Medical staff at El Centro Regional Medical Center released a statement this week warning that hydroxychloroquine and other “alternative medications” have not been shown to be effective, and “many carry serious side effects and toxicity, which have resulted in emergency room visits.”
The medical staff added that “it is important to know, that now, there is no proven cure for COVID 19 that is available” and that vaccination is “the most effective strategy against COVID-19 infection, hospitalization and complication.”
Tyson said during his presentation that vaccines are failing and stated that people are more likely to get the Omicron variant of the coronavirus if they are vaccinated than if they are unvaccinated — a claim health authorities say is false.
Public health officials have reported that although COVID vaccines have not been as effective against Omicron as they have been against the Delta variant, unvaccinated people are still far more likely than people who are vaccinated and boosted to be infected with Omicron, and unvaccinated people face the highest risk of severe illness and death. Early data from Britain show that those who have had three Pfizer-BioNTech doses have 76% effectiveness against symptomatic disease from Omicron.
Luis Flores Jr., co-founder of the Imperial Valley Equity and Justice Coalition, said he was disappointed that the county board had allowed the presentation to go forward, arguing that “putting that information in public space in a community where access to credible doctors is harder to come by is particularly dangerous.”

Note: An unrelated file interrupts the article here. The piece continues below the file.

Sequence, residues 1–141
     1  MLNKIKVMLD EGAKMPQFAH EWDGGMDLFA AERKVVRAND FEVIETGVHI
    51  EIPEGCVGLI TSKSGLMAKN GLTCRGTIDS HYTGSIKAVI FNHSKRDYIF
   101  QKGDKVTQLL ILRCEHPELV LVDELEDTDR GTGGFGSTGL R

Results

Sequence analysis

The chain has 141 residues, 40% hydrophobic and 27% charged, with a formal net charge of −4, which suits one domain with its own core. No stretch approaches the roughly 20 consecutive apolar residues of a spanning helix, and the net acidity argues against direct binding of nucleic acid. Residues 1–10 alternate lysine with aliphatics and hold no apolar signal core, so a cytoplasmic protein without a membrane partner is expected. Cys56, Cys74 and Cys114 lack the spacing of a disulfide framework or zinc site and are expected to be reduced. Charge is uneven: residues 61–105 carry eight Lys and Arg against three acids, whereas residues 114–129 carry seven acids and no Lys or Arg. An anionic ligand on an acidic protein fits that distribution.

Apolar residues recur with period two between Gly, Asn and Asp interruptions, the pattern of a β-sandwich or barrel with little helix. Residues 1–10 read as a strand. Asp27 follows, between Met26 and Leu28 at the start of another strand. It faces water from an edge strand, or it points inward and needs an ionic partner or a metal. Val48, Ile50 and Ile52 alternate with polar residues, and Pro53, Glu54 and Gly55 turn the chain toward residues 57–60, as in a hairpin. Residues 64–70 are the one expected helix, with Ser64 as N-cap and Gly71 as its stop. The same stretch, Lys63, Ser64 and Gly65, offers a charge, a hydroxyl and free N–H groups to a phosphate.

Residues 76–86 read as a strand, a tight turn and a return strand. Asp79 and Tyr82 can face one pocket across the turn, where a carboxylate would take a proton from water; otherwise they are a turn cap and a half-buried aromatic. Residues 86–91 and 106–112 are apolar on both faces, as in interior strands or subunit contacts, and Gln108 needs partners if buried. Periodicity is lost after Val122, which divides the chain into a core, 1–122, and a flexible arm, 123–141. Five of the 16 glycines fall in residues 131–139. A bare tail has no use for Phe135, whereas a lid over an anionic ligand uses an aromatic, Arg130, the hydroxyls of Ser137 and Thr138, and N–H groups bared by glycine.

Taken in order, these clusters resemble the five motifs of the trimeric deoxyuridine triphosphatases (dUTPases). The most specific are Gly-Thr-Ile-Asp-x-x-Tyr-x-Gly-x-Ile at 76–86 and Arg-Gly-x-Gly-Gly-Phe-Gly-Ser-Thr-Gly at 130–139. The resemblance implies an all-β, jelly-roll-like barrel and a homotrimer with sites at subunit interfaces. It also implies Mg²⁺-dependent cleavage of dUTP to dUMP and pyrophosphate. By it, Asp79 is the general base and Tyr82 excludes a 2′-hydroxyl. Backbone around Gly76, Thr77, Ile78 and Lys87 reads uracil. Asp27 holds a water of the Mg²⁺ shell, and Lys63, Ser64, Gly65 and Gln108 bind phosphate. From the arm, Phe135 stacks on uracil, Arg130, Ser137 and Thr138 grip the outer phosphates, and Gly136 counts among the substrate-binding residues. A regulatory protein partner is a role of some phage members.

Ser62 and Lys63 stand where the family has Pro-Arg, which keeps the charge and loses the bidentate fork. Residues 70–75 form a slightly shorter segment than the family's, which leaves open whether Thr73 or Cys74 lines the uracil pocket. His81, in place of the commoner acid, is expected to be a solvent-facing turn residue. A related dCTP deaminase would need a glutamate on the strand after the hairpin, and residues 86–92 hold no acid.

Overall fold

Fareed and Tyson have also reportedly attended school board meetings where Tyson argued against indoor mask mandates for children.
Flores Jr. said that in Imperial County, such statements align not only with a political movement by conservatives but with people who believe in alternative medicine.
During the Tuesday meeting, Supervisor Michael Kelley repeatedly reminded attendees that they were required to wear masks inside, citing the state mandate.
Flores Jr. said that bringing in the two doctors and “not having the county forcefully say this is false makes a medically underserved community susceptible to misinformation.”
Supervisor Ryan Kelley said he didn’t believe the doctors were making “misrepresentations,” as the medical society had warned. “They’re trying to alleviate pain and suffering of their patients,” he said. “And I wanted to get that message out about early treatment.”
Coronavirus cases have been on the rise in Imperial County. Health officials were already bracing for a possible surge in winter cases driven by the Delta variant when virologists became concerned about the even-more-transmissible Omicron variant.
Imperial County had the highest rate of new coronavirus cases among California counties over the last week, with more than 330 for every 100,000 residents, according to The Times’ data tracker. That was more than twice the rate of Los Angeles County.
Intensive care units at El Centro Regional Medical Center and Pioneers Memorial Healthcare District have quickly become packed with COVID-19 patients in recent weeks.
Times staff writer Rong-Gong Lin II contributed to this report.